Make way, politics and religion – there’s a new taboo topic of polite conversation in Vancouver.
An unusually cold winter that has repeatedly blanketed the Lower Mainland with record-breaking snowfalls – including more of the white stuff just yesterday – has had some Vancouverites begging the rest of Canada to, “come and get your misplaced snow.”
The whole slippery situation has caused a rift that is rivalling the love or hate La La Land debate. There are two distinct camps, with a pure, white no-man’s land in between.
I am firmly in the pro snow camp. Whether on the mountains, in my backyard or even on city streets, I love the way it makes everything look so clean and pristine – if only until the thaw begins.
When I see those giant Charlie Brown flakes coming down it conjures childhood memories, including the seemingly miraculous gift of snow days, sledding in city parks and snowball fights that gave me a chance to get close to boys I was crushing on. The older me basks in the enveloping quiet and calm that accompanies a snow-covered morning.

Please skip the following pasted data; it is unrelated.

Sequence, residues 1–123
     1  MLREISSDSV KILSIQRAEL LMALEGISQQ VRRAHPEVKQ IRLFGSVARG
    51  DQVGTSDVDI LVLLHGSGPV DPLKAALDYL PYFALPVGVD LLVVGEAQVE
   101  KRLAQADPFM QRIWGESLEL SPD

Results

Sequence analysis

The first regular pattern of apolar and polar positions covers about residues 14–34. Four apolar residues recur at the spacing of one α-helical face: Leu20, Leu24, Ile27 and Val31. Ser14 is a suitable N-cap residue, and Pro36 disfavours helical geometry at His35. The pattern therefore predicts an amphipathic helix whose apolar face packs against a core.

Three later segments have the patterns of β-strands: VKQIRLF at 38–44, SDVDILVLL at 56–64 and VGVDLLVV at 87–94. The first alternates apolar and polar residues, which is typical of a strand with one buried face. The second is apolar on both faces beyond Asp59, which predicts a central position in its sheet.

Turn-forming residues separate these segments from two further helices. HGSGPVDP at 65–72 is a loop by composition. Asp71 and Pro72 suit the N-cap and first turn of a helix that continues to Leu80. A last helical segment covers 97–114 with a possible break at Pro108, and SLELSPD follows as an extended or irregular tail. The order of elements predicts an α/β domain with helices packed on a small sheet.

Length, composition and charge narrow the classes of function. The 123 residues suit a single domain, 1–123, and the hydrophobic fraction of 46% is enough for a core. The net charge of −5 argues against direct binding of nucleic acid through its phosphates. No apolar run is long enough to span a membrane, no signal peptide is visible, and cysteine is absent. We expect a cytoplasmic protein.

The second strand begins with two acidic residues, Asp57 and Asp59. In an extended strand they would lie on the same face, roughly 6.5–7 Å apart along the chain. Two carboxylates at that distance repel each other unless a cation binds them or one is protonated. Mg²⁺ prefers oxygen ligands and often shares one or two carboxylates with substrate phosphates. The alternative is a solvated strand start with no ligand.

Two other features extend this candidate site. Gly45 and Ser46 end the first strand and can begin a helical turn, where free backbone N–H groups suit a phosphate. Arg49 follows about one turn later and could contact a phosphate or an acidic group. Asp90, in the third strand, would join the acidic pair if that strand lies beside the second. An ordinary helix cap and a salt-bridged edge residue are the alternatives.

However, this year my outspoken love of even the promise of snow has left me smacked by an avalanche of derision from friends, co-workers and clients who prefer typical wet, dreary Vancouver winter days.
So, like our American neighbours who avoid talking politics in fear that it will unearth their friends’ Make America Great Again proclivities, and given the fact that snow-haters up here don’t out themselves with “Make it Stop Snowing” toques, I have begun to sleuth out whether someone is likely to be a snow sympathizer before I open my mouth.
My research has led me to conclude that there is a direct, inverse correlation between the steepness of a person’s driveway and their love for snow.
Whether someone owns a pair of Sorrels, a snow shovel or winter tires are also helpful clues.
Divisions aside, I take solace in the fact that our most divisive issue has its roots in precipitation. I’d take that any day over the political climate woes in the U.S.